Children’s Safety

If you’ve spent half an hour in my presence, you’ve probably heard me go off on the subject of safety and children. The modern obsession with children’s safety makes…me…CRAZY. How many kids actually got shocked by sticking fingers in light sockets before the Powers That Be decided that we must block up our outlets with plastic covers that are impossible to remove when it’s time to plug something in? How many kids actually drank chemicals because the cabinets were not childproofed? I don’t say these things didn’t happen—but I believe that parental supervision and proper discipline do as much to prevent them as childproofing.

My goal in life is to learn the placidity of my mother, who used to let her 12-15-year olds ride our bicycles 4 miles to town in the summer with no cell phone and only a general idea of when we might be back. (And we never even owned a helmet.) Who used to let her elementary-age kids go down in the woods and wander for hours, without knowing how far we went or where. Who let her kids jump off hay bales. (Hey, don’t knock it. That’s an awesome pastime. Who needs slides?)

I’m sure everyone has heard people from older generations fuss about the elaborate nature of children’s restraints these days: “When my kids were little, we built a box for the baby and set it on the front seat between us!” When I was a kid, we used to take long trips toDetroit andColorado to visit family at holidays, and we did those punishing 12+-hour trips in one day, pulling half-cooled egg sandwiches out of sandwich bags for breakfast, pausing at a rest area for home-packed PBJ sandwiches and the occasional Pringles treat at lunchtime. We had a van with two bench seats, and Dad built a carpeted platform that sat in the trunk. At times, on those long trips, everyone but the driver was asleep, either on a bench seat, the platform, or the floor between the seats.

What has changed since those days? Well, people drive faster, and there are more people on the road, I grant you that. But I think the biggest change is in the hysteria level of the general population. I mean, really, AAP. Facing backward until you’re two????? Let’s leave aside the issue of where the poor kid’s legs are supposed to go, and look at the bigger picture. Eye contact is important with small children. There is none when a child is facing backward. Parent can’t see child (those useless mirrors notwithstanding), child can’t see parent. As much time as people spend in cars today, don’t you think the greater danger is from dissociation, lack of stimulation and communication and connection? Don’t you think these have long-term implications that need to be weighed in balance against the chance of having a car accident?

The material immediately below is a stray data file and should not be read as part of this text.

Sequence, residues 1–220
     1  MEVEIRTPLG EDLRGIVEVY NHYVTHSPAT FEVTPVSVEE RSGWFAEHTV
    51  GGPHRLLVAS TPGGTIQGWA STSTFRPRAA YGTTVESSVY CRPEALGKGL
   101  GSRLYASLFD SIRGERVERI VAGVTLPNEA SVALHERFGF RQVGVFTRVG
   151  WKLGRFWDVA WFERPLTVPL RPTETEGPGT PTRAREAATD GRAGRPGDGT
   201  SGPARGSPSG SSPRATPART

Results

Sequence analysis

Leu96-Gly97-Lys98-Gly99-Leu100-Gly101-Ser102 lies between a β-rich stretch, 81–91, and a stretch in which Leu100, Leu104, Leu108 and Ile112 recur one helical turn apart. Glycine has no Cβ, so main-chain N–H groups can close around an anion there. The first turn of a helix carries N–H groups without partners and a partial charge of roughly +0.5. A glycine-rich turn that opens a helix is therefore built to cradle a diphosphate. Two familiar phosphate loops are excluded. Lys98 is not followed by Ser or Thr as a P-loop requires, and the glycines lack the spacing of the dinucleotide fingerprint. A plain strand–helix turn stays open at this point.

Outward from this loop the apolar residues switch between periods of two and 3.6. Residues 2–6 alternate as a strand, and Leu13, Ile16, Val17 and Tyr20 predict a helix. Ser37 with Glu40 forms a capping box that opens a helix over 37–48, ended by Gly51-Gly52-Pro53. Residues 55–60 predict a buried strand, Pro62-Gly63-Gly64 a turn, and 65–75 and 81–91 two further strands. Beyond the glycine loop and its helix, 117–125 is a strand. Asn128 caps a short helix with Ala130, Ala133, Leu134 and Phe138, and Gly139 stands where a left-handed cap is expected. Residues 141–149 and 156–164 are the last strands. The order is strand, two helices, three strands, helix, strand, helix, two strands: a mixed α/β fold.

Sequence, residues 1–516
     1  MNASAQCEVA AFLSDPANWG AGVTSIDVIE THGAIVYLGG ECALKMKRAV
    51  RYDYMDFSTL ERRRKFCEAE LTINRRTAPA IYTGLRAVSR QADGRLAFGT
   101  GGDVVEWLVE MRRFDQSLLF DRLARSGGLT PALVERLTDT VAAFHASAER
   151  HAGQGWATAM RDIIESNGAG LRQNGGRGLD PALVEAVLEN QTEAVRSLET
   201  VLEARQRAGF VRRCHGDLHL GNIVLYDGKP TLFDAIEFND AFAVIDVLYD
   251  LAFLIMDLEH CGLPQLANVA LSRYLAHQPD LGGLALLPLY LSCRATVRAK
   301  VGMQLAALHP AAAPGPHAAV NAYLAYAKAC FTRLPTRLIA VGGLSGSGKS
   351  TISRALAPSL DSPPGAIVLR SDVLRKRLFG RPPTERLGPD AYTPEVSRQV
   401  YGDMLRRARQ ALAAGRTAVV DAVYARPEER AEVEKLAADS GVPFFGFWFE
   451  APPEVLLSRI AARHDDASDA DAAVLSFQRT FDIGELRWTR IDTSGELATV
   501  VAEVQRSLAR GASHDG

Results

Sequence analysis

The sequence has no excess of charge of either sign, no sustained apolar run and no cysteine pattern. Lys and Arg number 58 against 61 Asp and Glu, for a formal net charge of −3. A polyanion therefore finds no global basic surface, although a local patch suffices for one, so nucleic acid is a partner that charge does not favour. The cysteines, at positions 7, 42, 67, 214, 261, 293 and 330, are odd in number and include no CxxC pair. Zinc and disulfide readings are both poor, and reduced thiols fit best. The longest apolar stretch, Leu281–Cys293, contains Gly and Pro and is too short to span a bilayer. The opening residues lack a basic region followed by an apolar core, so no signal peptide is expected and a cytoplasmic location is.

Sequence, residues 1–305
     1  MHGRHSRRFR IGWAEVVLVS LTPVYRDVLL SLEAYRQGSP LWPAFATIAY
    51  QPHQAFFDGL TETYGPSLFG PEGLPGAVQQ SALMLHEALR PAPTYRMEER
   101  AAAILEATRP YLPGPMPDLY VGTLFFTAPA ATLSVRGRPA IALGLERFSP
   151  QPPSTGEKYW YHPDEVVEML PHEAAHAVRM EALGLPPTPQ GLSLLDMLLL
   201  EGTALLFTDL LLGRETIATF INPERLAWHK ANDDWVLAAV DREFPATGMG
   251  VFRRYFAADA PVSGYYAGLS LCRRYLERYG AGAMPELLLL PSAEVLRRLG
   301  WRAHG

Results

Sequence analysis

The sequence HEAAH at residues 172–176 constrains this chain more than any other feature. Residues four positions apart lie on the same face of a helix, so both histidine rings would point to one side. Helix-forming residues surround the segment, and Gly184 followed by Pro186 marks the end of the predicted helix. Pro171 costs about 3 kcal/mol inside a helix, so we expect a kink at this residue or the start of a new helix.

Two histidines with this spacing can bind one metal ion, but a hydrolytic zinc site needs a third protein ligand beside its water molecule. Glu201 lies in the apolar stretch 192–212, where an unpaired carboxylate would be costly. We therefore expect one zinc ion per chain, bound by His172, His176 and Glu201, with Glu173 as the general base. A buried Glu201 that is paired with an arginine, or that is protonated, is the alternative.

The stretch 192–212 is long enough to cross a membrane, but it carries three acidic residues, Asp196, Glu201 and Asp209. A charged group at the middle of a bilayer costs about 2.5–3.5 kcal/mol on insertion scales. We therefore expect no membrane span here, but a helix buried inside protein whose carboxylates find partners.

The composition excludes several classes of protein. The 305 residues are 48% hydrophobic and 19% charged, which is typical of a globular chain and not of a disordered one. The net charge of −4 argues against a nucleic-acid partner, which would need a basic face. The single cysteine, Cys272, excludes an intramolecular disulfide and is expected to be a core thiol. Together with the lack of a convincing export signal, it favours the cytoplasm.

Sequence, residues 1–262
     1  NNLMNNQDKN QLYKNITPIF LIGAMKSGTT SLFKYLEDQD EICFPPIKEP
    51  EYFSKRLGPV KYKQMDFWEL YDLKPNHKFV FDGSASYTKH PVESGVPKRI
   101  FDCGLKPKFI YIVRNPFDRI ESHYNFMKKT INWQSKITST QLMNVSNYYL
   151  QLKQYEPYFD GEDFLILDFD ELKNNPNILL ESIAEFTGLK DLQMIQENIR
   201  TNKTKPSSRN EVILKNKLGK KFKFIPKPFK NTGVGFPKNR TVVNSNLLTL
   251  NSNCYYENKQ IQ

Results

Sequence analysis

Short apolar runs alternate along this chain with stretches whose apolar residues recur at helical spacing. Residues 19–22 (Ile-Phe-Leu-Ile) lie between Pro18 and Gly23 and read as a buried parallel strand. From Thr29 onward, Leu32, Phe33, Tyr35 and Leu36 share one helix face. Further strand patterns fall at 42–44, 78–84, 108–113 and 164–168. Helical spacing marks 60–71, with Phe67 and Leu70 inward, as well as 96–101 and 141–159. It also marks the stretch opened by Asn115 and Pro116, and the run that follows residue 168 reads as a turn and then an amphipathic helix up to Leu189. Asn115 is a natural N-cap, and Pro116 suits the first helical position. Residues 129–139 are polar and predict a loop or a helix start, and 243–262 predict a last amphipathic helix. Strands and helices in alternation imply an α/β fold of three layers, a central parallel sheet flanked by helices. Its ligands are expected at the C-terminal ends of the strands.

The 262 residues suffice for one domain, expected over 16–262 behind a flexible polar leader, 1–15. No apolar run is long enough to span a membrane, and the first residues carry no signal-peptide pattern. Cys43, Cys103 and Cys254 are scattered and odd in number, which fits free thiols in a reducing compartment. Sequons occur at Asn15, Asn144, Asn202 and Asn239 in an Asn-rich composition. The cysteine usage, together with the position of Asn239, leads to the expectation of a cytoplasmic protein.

Safety is important, but it’s way out of control. No matter what steps you take, you cannot protect your children from everything—nor should you. Trying to eliminate risk (and illness, for that matter) from our children’s lives is as sure a way I can think of to make sure our kids grow up completely unprepared for the real world. There’s a popular saying that says parenting is a long process of letting go. I think one of the major problems we face today is that parents are scared to let their kids be independent. Hello, helicopter parenting. Hello, kids who live at home beyond college. Hello, bailing your kids out of financial messes when they’re 40.

Perhaps I would be more concerned about safety if I didn’t have two other children, if I hadn’t gone through the drama of Julianna’s health issues. Once you’ve stared death in the face a time or two, it puts everything else in perspective. Last year I had a six-month argument with Nicholas’s doctor about his weight gain, or lack thereof. She really wanted me to freak out, and I really wasn’t going there.

Now, don’t get me wrong. I do worry about my children’s safety. I’m not suggesting that we should abandon car seats or fail to pull kids back when they’re playing at the edge of a cliff. But I believe that in the area of safety, as in every other in life, there is such a thing as middle ground—and we really need to find it.